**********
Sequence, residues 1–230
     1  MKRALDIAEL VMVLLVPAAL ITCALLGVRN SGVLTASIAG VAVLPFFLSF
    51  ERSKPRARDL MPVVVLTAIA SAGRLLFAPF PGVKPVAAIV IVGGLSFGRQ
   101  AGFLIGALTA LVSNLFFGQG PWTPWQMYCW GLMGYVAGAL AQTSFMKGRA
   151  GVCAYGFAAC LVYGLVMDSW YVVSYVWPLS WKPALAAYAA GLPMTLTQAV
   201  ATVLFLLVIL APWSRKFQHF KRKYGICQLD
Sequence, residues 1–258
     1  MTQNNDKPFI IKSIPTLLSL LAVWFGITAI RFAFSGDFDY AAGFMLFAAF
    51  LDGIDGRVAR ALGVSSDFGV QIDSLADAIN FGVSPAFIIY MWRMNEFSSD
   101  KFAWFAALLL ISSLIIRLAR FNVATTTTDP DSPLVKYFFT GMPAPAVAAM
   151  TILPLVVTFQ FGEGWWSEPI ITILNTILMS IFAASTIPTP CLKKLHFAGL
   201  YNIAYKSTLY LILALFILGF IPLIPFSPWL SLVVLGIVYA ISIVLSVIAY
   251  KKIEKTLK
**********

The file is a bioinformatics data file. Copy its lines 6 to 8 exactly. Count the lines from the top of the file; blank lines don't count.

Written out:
   201  ATVLFLLVIL APWSRKFQHF KRKYGICQLD
Sequence, residues 1–258
     1  MTQNNDKPFI IKSIPTLLSL LAVWFGITAI RFAFSGDFDY AAGFMLFAAF